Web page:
17 November—A Christie’s press releases states that the Abu Dhabi Ministry of Culture will own and exhibit the painting at the Louvre Abu Dhabi. Unconfirmed reports begin to circulate that a Saudi royal was the buyer.
20 November— Thomas Campbell, then chief executive of the Met, sparks controversy with an Instagram post showing the painting pre-restoration. He writes: “450 million dollars?! Hope the buyer understands conservation issues…” followed by “#readthesmallprint”.
7 December—MBS is identified by the Washington Post as the buyer of the painting.
8 December- Louvre Abu Dhabi issues a statement to confirm that it has “acquired” the work.
January—Louvre Abu Dhabi denies the Royal Academy of Arts’s request to loan the work for its Charles I exhibition.
April—A French/Saudi summit in Paris sees Emanuelle Macron and MBS sign the Al-Ula agreement—a ten-year deal, potentially worth tens of billions of euros, that gives France an exclusive role in the project to develop the Al-Ula province as a major cultural centre, heritage site and tourist destination. It is later claimed in a 2021 documentary film that agreements for the Louvre to show the painting in its upcoming Leonardo show were made during this summit.
June—Louvre officials begin a scientific analysis of the painting by its C2RMF lab, authorised by Saudi Arabia’s Ministry of Culture.
27 June—Officials at Louvre Abu Dhabi announce that the work will go on show on 18 September at the new museum.
August—Pierluigi Panza publishes L’ultimo Leonardo, assessing what was known about the Salvator Mundi at that point, mainly through an assessment of newspaper articles (though it has no endnotes).
6 August and 3 September—Matthew Landrus challenges its attribution in the Guardian and The Art Newspaper.
3 September—The Department of Culture and Tourism, Abu Dhabi announces that the work will not go on show as planned at Louvre Abu Dhabi. It declines to comment as to why.
18 January—Louvre, in Paris, expresses its wish to loan the work for its blockbuster Leonardo show, opening in October that year, to mark the 500th anniversary of the artist’s death.
April—In his new book The Last Leonardo, the author and art critic Ben Lewis questions the attributional process of the painting and says some specialists believe it to be partly painted by the master’s assistants. He deconstructs the National Gallery’s full attribution in its 2011-2012 show, which Christie’s subsequently used to justify its $100m estimate. The National Gallery defends its role, saying the labelling provided “an important opportunity to test a new attribution by direct comparison with works universally accepted as Leonardo’s,” a museum spokesperson says.
May—The American art historian Carmen Bambach describes it as a work by Boltraffio painted under the close supervision of Leonardo around 1505-10.
October—It is not included in the Louvre exhibition on the press preview days, or at the exhibition’s inauguration.
A photograph sent to The Art Newspaper of the original Louvre ground plan for the exhibition graphically illustrates that the painting was intended to be part of the show. The plan is removed from the Louvre’s exhibition hall at the last minute on the day of the advance press preview.
December—Louvre inadvertently sells a 46-page publication on the Salvator Mundi, which it printed and then withdrew days before the show’s opening of its Leonardo exhibition. The book, co-authored by a Louvre curator and likely published to facilitate a loan for the Leonardo blockbuster, contains a brief portion of the 2018 C2RMF scientific analysis of the painting, focusing on providing evidence of Leonardo’s authorship. Vincent Delieuvin’s chapter on the Cook, Ganay and Naples Salvator Mundi in the Louvre’s Leonardo exhibition catalogue does not, however, attribute any of them solely to Leonardo.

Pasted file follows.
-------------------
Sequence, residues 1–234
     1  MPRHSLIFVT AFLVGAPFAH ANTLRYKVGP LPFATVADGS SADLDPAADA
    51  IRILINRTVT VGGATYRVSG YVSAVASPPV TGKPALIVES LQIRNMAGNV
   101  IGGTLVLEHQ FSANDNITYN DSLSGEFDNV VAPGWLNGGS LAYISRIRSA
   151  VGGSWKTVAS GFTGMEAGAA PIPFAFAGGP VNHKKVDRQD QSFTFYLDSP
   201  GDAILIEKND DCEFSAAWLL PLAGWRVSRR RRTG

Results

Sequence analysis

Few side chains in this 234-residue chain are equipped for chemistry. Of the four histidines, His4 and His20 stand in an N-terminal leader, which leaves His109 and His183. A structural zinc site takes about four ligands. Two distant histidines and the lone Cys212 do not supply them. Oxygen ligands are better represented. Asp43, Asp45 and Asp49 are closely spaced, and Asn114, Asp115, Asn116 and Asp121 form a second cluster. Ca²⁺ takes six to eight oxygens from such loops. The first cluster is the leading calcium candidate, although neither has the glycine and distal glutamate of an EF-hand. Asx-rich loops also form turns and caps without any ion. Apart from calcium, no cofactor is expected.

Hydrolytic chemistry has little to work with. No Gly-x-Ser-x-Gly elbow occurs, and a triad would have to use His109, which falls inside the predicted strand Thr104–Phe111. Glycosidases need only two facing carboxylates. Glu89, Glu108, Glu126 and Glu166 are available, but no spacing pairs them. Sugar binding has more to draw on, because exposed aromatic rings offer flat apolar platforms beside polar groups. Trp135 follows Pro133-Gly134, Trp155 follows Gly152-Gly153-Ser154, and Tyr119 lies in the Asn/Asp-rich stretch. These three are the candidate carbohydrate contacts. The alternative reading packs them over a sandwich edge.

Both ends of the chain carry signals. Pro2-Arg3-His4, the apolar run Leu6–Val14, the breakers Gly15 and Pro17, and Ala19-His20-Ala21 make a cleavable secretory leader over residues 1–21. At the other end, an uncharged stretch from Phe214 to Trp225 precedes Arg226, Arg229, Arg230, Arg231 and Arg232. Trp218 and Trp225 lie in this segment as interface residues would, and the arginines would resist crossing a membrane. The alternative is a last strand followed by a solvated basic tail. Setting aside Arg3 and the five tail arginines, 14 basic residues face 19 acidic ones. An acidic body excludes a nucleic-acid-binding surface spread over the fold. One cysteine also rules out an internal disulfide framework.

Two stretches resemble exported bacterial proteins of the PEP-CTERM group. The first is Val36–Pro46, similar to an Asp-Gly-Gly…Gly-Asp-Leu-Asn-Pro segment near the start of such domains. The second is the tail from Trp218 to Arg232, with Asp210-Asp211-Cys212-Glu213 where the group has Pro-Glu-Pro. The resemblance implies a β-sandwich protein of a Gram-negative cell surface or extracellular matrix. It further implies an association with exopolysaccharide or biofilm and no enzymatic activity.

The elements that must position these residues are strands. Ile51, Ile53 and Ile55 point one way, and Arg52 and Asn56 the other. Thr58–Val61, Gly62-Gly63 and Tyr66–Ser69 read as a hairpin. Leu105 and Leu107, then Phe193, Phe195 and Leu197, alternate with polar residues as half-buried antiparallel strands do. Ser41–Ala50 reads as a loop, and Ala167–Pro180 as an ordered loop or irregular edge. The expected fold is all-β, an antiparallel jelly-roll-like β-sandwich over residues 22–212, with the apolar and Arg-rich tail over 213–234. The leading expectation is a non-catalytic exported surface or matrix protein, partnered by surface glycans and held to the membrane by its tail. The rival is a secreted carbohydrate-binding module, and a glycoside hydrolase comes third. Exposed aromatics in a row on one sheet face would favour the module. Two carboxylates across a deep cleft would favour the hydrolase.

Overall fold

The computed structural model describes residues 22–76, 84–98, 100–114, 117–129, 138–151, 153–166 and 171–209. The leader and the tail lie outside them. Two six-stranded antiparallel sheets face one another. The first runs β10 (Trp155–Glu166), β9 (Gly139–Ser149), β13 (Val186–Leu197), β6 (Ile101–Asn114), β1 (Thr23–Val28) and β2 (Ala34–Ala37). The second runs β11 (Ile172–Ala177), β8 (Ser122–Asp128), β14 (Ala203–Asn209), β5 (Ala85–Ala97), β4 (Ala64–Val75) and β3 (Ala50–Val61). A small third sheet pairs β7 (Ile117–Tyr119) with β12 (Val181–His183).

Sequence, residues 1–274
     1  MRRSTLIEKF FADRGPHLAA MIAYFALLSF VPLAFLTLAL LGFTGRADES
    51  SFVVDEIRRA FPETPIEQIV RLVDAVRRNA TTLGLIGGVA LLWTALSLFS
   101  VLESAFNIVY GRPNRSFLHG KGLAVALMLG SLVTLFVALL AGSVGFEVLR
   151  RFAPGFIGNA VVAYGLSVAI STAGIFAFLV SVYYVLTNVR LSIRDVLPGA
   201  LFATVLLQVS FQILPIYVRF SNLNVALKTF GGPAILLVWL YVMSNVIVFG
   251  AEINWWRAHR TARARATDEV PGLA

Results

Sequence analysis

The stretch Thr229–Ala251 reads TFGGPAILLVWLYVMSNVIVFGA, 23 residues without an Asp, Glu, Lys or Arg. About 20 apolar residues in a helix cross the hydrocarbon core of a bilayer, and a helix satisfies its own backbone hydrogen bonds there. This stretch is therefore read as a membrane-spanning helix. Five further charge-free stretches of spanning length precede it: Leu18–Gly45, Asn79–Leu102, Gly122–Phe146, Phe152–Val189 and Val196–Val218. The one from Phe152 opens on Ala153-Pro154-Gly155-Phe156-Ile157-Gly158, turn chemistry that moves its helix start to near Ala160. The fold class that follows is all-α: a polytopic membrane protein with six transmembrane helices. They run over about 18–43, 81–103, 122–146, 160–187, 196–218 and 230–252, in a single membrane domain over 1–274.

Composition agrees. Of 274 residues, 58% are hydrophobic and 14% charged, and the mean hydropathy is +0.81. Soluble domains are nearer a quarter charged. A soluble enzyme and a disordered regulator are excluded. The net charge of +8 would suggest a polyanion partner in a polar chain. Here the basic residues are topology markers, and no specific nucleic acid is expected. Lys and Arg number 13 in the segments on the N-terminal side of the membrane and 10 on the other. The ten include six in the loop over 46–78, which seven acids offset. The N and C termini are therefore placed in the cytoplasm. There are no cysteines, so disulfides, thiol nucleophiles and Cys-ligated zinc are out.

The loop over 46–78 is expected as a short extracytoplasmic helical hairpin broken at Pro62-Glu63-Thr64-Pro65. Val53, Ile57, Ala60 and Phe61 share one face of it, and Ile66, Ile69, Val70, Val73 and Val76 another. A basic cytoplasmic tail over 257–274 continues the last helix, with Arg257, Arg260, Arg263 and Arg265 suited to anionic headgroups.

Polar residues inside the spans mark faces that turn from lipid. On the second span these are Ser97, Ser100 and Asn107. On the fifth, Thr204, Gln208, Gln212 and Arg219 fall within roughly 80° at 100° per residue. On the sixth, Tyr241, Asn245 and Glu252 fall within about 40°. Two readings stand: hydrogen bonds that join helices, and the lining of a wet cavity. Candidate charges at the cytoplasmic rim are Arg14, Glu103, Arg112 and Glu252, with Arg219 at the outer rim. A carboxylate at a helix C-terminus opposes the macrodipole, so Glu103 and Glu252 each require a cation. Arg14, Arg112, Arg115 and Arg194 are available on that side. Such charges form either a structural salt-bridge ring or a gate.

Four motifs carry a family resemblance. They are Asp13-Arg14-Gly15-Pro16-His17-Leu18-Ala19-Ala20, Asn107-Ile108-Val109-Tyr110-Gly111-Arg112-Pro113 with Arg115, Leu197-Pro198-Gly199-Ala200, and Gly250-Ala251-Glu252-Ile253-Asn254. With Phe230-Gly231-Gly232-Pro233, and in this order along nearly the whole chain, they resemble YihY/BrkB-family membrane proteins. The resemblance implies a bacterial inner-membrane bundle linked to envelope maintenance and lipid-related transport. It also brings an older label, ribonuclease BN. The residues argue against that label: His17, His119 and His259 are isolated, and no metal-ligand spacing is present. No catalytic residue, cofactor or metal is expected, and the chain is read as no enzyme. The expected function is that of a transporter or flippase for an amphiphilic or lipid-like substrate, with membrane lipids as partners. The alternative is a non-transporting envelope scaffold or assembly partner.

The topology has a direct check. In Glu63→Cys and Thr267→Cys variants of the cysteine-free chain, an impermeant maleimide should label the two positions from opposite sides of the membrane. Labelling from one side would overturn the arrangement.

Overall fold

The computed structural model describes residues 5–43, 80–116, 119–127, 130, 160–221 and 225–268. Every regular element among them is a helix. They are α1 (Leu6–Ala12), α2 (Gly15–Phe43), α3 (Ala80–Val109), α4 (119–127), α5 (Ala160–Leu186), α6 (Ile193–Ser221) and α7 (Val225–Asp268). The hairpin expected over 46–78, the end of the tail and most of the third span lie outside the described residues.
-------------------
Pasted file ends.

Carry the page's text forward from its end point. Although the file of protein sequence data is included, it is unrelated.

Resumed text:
A review of over 250 Leonardo-related volumes published in the 500th anniversary year of his death (in 1519) includes several important monographs that have substantial assessments of the Saudi Salvator Mundi by Leonardo scholars: Martin Kemp, Frank Zöllner, Pietro C. Marani, Carmen Bambach, and Alessandro Vezzosi.
January—A row erupts over whether the work was indeed offered for sale before it went on show at the London National Gallery exhibition in 2011 (it is generally frowned upon for public collections to show works that are available for sale).
February—Louvre exhibition closes with no appearance of the painting.
January—A number of revelations on the picture emerge from two separate studies: the Louvre’s 2018 examination of the picture for its blockbuster show, and an independent analysis by a computer programmer and art historian. Both studies suggest that the figure’s blessing arm and hand were not part of the artist’s original concept. The latter computer-generated analysis goes further and also classifies the blessing arm and hand as strongly “not Leonardo”.
13 April—A French feature-length documentary on the work, The Saviour for Sale, is released. Among its bold claims is that the Louvre did not accept the painting as by Leonardo alone, only that he “contributed to it”. These claims are made by two anonymous men who describe themselves as “French government officials”. They claim that these findings were presented in September 2018 to the Louvre’s then-director Jean-Luc Martinez. They continue that President Macron, upon learning this, refused to accept MBS’s condition that the Salvator Mundi be shown next to Mona Lisa and attributed as a “100% Leonardo”, explaining why it was not shown at the Louvre.
20 April—These claims are contradicted by leaked pages from the suppressed 2019 booklet published and withdrawn by the Louvre ahead its Leonardo blockbuster. As Martinez wrote in its preface: “The results of the historical and scientific study … allow us to confirm the attribution of the work to Leonardo da Vinci.”
September—The Lost Leonardo documentary is released.
November—The Prado museum in Madrid downgrades Leonardo’s $450m Salvator Mundi in the catalogue for its exhibition Leonardo and the copy of the Mona Lisa. This decision represents the most critical response from a leading museum since the Christie’s sale.